Vision Needs a Seat at the Negotiating Table

When American theorist Buckminster Fuller said, "[we] are called to be architects of the future, not its victims," he may not have known how difficult a challenge that would become in the years following his death.

In the second decade of the twenty-first century, the architecture we need to solve global problems -- including the barriers to a more sustainable civilization -- is as daunting as the problems themselves. It requires unprecedented levels of international collaboration, new institutions and systems, and the courage to confront threats not only to everyday life but to the natural systems that support life itself. Mere transactions are not sufficient. In the words of businessman and entrepreneur Sam Walton: "Incrementalism is innovation's worst enemy. We don't need continuous improvement, we want radical change."

Although he might not have imagined how great the challenge would become, Fuller's analogy remains instructive. Let's think about what architects usually do. First, they have a conversation with their clients to learn their needs and wishes. That conversation is an exchange of information: a combination of the client's requirements and the architect's knowledge of the latest and best designs in the building business. Next, the architect renders one or more design options. Once the client approves, the architect draws up the plans that will guide the engineers and contractors who do the construction.

Apply this process to world affairs with the world's people as clients, sustainable development as their requirement, the United Nations as the architectural firm, and international negotiators as the architects. It appears that two critical elements in the process need to be improved: dialogue with the clients, and rendering the designs they have seen, understand, and want.

In the context of the United Nations work on sustainable development, including the June 2012 Rio+20 Conference, there has been a great deal of consultation with stakeholders but until now, not at the level of a true global conversation. In addition, design renderings -- in this case visualizations of sustainable societies -- have not been a significant element in negotiations. Yet, we have extraordinary capabilities for global dialogues and a vision that we did not have when the first Earth Summit was held in Rio de Janeiro in 1992. Widespread public access to the Internet's information super- highway did not exist then, nor did the many social media that allow conversations to take place without boundaries in real time. Consultation between policymakers and the people around the world whose futures are at stake has never been as possible as it is now.

Meanwhile, communications technologies and visual arts have advanced so far that it's often difficult to distinguish reality from virtual reality. The entertainment industry uses these technologies to take us to imaginary worlds; the advertising industry uses them to entice us into new desires. If a picture is worth a thousand words, then the pictures we are able to generate today can be infinitely more valuable in reaching the public than policy documents on topics as abstract as sustainable development. As Secretary-General Ban Ki-moon said on 22 November 2011: "We need to imagine a different future. What would our world look like if everyone had access to the food they need, to an education, and to the energy that is required to develop? What would our communities look like if we created a vibrant, job-rich, green economy? This is the future we want."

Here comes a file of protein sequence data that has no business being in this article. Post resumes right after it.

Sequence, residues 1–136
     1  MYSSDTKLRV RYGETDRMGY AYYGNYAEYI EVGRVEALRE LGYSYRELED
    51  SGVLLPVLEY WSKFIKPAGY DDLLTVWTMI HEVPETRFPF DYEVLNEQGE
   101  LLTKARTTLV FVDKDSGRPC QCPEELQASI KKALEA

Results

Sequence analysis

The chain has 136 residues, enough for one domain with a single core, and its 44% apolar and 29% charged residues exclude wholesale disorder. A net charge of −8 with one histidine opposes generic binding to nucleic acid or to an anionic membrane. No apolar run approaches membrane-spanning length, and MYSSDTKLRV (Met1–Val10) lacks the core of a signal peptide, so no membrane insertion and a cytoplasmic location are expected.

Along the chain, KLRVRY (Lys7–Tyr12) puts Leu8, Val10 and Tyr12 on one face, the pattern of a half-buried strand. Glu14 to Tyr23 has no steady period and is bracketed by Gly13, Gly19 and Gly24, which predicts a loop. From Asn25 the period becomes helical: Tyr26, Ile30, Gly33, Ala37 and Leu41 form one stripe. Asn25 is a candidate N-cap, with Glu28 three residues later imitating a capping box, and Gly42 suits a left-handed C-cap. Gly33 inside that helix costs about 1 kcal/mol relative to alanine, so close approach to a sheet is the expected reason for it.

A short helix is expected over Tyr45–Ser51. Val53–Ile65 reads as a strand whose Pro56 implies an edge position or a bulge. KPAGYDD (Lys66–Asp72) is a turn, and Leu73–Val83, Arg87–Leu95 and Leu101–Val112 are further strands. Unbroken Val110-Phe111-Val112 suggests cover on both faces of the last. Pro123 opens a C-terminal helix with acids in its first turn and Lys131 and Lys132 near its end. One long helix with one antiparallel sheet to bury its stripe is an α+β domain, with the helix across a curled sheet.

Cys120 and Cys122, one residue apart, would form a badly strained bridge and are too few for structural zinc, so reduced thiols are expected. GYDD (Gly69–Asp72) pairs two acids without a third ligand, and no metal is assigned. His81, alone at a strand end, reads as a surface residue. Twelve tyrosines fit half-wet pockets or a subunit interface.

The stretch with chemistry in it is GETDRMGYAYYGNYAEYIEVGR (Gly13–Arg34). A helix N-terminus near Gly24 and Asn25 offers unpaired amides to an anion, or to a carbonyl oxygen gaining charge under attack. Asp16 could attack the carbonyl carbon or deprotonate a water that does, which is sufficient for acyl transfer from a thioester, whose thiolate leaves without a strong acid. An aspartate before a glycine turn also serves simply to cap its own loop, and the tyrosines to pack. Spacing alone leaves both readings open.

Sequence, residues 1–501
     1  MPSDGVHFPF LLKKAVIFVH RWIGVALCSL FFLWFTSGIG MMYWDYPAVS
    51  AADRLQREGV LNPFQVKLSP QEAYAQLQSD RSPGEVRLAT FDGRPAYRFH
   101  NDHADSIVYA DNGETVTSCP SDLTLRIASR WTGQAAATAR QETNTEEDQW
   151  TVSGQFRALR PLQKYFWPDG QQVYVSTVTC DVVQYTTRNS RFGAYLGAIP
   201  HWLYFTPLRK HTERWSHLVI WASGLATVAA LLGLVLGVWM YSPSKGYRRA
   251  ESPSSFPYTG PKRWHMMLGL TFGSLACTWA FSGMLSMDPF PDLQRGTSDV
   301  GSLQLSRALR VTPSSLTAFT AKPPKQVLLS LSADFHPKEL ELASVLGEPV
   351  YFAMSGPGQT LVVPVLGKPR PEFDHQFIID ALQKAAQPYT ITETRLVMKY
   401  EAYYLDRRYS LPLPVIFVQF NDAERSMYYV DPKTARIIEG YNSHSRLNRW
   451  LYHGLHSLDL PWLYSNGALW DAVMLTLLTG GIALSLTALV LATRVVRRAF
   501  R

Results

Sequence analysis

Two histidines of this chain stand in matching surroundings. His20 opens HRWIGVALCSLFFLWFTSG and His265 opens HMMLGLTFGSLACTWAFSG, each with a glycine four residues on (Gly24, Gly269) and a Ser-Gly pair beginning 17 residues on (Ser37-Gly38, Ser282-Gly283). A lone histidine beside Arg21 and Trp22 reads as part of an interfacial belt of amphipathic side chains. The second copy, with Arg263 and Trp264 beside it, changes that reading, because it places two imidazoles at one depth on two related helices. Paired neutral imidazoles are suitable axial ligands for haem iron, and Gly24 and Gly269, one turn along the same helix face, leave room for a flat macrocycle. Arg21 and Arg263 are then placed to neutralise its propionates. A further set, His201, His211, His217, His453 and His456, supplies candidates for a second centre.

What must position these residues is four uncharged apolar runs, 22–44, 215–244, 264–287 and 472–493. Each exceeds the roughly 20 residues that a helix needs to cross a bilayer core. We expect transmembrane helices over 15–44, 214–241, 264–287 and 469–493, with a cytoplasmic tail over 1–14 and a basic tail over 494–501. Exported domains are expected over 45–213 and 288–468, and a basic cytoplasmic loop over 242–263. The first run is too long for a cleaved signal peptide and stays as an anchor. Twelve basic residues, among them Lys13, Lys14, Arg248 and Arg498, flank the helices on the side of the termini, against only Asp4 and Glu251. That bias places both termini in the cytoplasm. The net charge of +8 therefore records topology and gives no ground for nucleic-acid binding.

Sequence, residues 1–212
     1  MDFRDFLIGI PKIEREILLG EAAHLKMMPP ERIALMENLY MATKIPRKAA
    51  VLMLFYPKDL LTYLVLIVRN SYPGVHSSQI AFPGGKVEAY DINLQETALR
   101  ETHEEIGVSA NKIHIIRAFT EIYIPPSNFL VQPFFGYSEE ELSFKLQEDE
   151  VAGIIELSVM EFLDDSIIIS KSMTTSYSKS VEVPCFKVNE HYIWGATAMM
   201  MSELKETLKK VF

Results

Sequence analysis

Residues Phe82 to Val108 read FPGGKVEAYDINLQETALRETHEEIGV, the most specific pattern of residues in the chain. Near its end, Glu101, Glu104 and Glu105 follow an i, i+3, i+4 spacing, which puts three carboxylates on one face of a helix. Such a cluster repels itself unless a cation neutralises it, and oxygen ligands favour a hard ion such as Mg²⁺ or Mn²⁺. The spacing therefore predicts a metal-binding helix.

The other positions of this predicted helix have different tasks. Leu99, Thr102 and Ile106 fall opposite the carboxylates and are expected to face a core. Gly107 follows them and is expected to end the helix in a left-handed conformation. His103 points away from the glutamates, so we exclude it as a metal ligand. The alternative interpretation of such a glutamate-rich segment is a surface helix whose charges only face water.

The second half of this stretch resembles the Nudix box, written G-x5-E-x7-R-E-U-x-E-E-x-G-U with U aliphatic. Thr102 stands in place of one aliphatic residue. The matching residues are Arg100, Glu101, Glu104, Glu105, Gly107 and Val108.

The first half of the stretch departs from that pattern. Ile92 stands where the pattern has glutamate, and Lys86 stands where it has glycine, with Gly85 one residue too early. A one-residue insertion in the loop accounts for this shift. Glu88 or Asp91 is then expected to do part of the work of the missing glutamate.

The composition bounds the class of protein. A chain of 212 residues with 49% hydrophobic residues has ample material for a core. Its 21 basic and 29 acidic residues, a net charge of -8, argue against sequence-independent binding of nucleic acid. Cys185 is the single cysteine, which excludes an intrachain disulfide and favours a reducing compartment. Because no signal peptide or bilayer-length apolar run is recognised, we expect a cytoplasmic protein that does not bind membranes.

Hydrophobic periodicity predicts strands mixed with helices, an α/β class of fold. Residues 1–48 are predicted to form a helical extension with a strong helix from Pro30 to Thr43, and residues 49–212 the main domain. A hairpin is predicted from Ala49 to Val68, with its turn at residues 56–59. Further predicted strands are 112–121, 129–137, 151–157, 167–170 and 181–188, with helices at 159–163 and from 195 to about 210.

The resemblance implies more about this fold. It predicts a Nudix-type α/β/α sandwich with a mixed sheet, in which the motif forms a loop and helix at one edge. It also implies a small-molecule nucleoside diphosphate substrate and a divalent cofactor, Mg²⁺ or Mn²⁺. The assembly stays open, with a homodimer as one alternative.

It is not that visions of the future are absent from society; rather, visions of the negative kind tend to dominate popular media. Think of the documentary film The 11th Hour, the movies The Day After Tomorrow and The Road, or the nightly news images of economic collapse, war, homelessness, joblessness, and the brutal treatment of people by their Governments. The problem is that the images of the future we must avoid are not balanced with the images of a future we can build.

Unbalanced negative vision has its own power, and many advocates of sustainability have embraced it. The noted British environmentalist Jonathon Porritt chastises his peers for focusing only on ecological collapse rather than on the advantages of living within the ability of natural systems to sustain us. "For wholly understandable historical and intellectual reasons, today's environmental discourse is still shaped far more powerfully by the language of scarcity and limits than it is by any compelling upside narrative," he writes. "But fear of the future does not empower people; it debilitates and disempowers."

Other observers have noted that the dominance of fear in our media produces apocalypse fatigue, which is the tendency for people to withdraw from action on problems that seem overwhelming. At that point, apocalypse becomes a self-fulfilling prophecy.

The impact of positive vision is quite different. An emotional connection with the upside of a more sustainable world can foster public support, which, in turn, can produce the political will that is so critical in fulfilling the aspirations of Agenda 21 or the Millennium Development Goals.

Based on assumptions like these, a group of experts in communications and sustainable development met in New York in 2009 to diagnose the missing elements in the global conversation about the future. The result was a project called The Future We Want, which has evolved into two major parts.